Historic tours in KappelnMaritime Kappeln
Föh Fish Smokehouse
The three 15-metre-high brick chimneys bearing the letters A-A-L (or “eel” in German) have marked Kappeln’s skyline for more than a century. They are the trademark of the Föh fish smokehouse, which has been located at the Dehnthof since 1911. Fish is still smoked here in the traditional style, in smokers fueled with local beech and alder wood. The smokehouse produces not only smoked eels, but also mackerel, sprats, and halibut, as well as the fish with which Kappeln is most associated, the herring. The smokery offers tours for groups upon prior arrangement. For visitors who crave a taste of fish fresh from the smoker, a store and a pleasant outdoor patio (open seasonally) await.
Silo and Warehouse at the Nordhafen
Peter Kruse, recognized as an honorary citizen of Kappeln, commissioned the construction of this striking brick grain silo and warehouse. Widely known as the “PK warehouse”, it has dominated Kappeln’s Nordhafen (north harbour) since 1936. The 20-metre-tall warehouse with its storage capacity of some 5,000 tonnes was used to store grain until the 1990s. In 2006, the registered historic building was acquired by a group of investors and completely restored. The ground floor today houses a dining area, while the remainder serves as a hotel.
One of Kappeln’s unique features is the fish weir, the last functioning example of its kind in all of Europe. It is believed to be more than 500 years old. A map from 1648 shows 38 such weirs on the Schlei. They were laid out in zigzagging, angular patterns at locations where herring congregated in late March and early April. Once caught inside, the fish could be caught in traps at the end of the narrowing walls of woven material. Every year on the weekend of Ascension Day, Kappeln celebrates the "Heringstage" (Herring Days), which culminates in a contest in which participants attempt to guess the weight of a herring net. The winners are crowned that year’s Herring King and Queen.
Schlei flap bridge
The earliest evidence of a ferry service across the Schlei from Kappeln to Ellenberg dates to 1671. In 1867, at the urging of the Kappeln business community, it was replaced by a pontoon bridge, which gave way in turn to a steel swing bridge for road and rail traffic in 1927. Construction began on the present bridge over the Schlei in 1998, and it was festively opened to traffic at the start of December 2002. In order to allow the passage of both large and small ships, the central sections of the bridge, which spans 210 metres and cost 23 million Euros, are raised at a quarter to every hour.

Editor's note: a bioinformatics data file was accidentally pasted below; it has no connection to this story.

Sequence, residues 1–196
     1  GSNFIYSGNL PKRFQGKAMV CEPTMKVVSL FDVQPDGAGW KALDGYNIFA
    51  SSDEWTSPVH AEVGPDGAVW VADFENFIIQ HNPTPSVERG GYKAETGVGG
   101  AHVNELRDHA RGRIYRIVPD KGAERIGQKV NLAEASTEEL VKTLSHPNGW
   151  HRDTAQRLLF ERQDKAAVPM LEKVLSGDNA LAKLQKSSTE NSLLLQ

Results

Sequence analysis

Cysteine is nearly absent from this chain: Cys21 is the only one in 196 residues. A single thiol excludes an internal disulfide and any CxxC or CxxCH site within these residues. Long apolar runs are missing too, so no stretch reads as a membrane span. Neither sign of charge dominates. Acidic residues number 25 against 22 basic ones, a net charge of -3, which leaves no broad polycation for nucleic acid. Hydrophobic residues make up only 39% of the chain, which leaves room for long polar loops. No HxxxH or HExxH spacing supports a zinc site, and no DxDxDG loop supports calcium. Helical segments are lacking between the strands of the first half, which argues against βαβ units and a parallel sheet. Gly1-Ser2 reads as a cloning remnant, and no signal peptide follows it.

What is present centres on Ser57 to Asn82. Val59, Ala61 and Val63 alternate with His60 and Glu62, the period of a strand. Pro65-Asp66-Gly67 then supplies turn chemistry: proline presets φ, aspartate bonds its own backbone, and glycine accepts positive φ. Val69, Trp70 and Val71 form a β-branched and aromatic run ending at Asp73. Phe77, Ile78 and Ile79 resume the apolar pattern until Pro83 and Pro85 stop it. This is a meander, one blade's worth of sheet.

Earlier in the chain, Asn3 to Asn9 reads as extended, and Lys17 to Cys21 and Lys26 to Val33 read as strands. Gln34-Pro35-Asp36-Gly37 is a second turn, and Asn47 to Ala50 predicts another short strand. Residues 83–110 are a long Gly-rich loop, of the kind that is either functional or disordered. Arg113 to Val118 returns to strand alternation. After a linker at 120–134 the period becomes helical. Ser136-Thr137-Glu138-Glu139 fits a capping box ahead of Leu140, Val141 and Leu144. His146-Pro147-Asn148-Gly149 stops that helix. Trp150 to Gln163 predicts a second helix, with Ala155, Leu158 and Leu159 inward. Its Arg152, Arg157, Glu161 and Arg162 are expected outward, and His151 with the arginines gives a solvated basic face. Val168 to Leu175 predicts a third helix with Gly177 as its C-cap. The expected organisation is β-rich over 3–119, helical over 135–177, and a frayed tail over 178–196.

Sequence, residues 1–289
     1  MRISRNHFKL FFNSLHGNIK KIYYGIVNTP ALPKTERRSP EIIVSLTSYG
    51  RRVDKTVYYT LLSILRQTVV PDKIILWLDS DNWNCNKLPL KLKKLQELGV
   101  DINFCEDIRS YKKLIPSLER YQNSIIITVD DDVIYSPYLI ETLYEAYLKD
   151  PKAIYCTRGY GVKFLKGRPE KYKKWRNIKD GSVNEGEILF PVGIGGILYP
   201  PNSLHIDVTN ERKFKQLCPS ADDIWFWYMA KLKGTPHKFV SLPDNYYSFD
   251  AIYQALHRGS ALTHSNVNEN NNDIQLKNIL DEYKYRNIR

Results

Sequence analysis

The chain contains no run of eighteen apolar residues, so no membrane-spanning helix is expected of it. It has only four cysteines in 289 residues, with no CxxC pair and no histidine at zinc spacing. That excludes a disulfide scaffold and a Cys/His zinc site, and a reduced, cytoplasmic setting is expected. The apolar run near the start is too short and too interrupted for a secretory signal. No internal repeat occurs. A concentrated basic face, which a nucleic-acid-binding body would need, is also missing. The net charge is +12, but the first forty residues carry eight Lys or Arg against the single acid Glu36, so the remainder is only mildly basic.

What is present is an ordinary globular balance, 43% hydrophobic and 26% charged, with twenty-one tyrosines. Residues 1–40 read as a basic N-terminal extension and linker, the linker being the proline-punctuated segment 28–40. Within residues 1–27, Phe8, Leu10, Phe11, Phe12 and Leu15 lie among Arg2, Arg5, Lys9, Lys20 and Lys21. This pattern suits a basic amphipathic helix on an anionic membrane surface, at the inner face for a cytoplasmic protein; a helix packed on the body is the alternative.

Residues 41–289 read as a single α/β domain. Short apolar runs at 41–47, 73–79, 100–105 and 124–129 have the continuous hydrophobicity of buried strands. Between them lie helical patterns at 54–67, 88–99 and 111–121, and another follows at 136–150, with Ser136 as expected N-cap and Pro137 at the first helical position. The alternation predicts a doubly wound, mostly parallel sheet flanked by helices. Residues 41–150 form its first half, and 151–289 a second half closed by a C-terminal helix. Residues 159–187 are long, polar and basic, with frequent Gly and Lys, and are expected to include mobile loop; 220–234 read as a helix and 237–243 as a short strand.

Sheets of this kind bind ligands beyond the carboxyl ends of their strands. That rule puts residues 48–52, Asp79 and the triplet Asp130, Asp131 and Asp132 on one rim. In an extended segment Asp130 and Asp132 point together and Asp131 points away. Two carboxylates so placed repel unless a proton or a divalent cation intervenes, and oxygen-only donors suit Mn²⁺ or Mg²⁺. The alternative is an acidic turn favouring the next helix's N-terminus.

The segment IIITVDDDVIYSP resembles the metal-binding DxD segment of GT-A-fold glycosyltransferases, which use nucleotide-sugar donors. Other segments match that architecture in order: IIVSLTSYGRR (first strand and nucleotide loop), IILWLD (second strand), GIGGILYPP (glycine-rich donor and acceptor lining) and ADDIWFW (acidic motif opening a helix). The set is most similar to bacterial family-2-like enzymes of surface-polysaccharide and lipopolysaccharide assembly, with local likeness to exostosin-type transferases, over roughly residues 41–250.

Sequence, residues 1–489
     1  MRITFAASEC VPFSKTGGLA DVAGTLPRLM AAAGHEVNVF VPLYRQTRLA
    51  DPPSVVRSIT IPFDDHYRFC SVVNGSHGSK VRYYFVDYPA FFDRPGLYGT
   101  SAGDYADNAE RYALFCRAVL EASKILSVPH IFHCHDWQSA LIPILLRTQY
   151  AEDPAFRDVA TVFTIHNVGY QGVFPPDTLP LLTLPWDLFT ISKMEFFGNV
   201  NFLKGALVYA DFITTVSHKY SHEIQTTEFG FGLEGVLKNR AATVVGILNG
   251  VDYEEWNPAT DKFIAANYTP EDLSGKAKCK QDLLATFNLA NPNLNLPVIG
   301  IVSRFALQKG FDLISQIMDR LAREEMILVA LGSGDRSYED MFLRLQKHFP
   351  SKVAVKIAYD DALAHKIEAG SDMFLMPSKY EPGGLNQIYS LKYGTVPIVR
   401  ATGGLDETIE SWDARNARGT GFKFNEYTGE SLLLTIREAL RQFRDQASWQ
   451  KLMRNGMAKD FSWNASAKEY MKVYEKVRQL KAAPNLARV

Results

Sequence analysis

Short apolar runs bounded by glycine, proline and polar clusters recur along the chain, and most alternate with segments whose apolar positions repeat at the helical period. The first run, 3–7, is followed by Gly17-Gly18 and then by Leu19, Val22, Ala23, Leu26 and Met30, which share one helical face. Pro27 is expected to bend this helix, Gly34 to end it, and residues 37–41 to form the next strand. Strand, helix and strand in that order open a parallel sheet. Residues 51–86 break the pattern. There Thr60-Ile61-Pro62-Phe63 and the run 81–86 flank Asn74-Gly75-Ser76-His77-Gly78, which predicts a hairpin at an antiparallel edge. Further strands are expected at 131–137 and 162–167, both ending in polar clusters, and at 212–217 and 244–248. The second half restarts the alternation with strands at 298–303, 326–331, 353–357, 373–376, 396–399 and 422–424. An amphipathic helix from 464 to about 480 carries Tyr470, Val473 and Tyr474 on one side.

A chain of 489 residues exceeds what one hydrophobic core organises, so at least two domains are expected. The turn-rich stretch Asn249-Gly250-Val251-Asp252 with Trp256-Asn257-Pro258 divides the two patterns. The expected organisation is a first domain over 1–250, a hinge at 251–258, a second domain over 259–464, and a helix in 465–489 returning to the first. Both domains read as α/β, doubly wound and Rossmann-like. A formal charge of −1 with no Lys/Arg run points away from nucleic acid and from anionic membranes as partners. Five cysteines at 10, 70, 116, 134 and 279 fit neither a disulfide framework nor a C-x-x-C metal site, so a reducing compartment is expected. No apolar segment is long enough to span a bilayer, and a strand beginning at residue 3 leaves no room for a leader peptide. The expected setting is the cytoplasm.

Fishermen’s monument and herring plaques und Heringstafeln
Kappeln’s history has long been linked with fishing. Since April 12th, 2003, the sculpture “Sitzender Fischer” (seated fisherman) pays homage to this grand tradition. Seated on the harbour promenade, an old fisherman cast in bronze sorts through his haul of fish. The sculpture is the work of artist Jörg Plickat. Another reminder of Kappeln’s erstwhile reliance on the fishing industry is the increasing number of bronze plaques featuring herring that adorn the sidewalks of the town. Each one bears the name of a donor, as thanks for their donations toward beautifying Kappeln’s cityscape.
Kappeln Museum Harbour
Since 1981, visitors can immerse themselves in Kappeln’s maritime history at the Museum Harbour south of the flap bridge. Several former freighters and fishing vessels have found their permanents berths here, from an old herring boat to a salmon cutter, and from a century-old ewer (a small, flat-bottomed boat from Friesland) to a historic Baltic Sea sailing yacht. During the sailing season, imposing yachts visiting from far and wide further enliven the harbour. Large or small, visitors wanting to gape at interesting and beautiful ships are always welcome here, regardless of the time of year. There’s always something going on: the owners of many of these floating historic monuments get them shipshape for the next yachting season right here in the harbour.